I have a fitness coaching business and my client base has doubled since I started. Definitely grateful for the extra cash but I’m finding people are sending me novels about their workouts that are holding me up. I want to refine my efficiency to give them the help they need but I feel bad not responding and don’t want them to think I’m ignoring it.

How should I approach the response without being rude?

And because I’m getting more clients, I’ve become more irritable and burnt out. One client is bouncing between myself and another trainer. When issues pop up where people are being annoying, I’m just saying “yes” instead of arguing my point. How do I get out of this situation?

1 reply
  1. Penelope Trunk
    Penelope Trunk says:

    The way you are currently responding requires spending too much time understanding the long emails. Spend less time on the details of the email. You can get your response in 1 minute when they do not ask a direct question.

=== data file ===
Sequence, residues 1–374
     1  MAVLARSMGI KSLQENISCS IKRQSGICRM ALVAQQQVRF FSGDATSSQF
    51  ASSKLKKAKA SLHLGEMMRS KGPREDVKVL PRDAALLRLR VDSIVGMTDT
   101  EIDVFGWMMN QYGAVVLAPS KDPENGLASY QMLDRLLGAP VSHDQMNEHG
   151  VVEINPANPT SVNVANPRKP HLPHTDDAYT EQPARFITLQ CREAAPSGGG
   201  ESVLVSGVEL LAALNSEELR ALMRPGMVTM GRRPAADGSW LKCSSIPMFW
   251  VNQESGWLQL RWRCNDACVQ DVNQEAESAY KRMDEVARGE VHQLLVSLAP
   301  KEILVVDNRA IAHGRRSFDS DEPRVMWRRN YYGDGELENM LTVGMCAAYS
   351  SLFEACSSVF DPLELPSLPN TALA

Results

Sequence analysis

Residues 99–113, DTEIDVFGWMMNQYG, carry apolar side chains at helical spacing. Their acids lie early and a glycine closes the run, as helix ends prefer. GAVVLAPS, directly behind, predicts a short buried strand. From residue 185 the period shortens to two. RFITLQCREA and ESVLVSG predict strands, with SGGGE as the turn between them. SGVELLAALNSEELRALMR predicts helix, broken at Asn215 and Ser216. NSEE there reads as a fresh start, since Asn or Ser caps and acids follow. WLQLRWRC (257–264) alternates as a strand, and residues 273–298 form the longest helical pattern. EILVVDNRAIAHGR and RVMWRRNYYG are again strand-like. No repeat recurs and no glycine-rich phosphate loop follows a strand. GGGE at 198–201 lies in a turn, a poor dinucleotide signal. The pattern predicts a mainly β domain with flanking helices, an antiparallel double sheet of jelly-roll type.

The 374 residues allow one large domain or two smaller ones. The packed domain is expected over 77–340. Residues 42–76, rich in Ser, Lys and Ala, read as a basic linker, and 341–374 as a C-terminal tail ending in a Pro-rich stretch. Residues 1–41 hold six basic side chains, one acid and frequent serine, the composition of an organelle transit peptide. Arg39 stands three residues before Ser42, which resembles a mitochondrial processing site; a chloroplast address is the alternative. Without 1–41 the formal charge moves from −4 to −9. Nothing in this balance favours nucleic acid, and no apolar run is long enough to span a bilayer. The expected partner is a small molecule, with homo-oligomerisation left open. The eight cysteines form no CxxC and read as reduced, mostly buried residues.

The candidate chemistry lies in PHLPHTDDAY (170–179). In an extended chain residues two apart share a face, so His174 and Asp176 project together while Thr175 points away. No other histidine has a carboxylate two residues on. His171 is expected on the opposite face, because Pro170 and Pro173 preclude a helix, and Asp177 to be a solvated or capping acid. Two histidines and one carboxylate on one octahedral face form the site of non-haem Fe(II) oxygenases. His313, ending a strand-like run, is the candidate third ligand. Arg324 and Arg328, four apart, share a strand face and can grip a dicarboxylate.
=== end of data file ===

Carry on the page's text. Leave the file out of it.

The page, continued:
When you see a long email, skim it to look for a direct question. If there is no direct question, pick one thing in the email and respond to that.

    You probably attracted people who are lonely and liked having someone to talk to. Now you might be finding talking about extraneous topics annoyed you. In that case, the person who left you for another trainer is looking for a lot of contact and interaction that you don’t want to give. So, you are losing clients you don’t want. It’s good that person left.

    Separating who is worth extra time and who isn’t, is an important skill. And losing some clients as a result is okay. I think you care a lot about fitness, and you like to share your knowledge. But also, think about raising your price so you are talking to fewer people so you can give them more attention.

    One of my favorite parts of my job is answering random emails and meeting people I really like because of that.

    Penelope

    Reply

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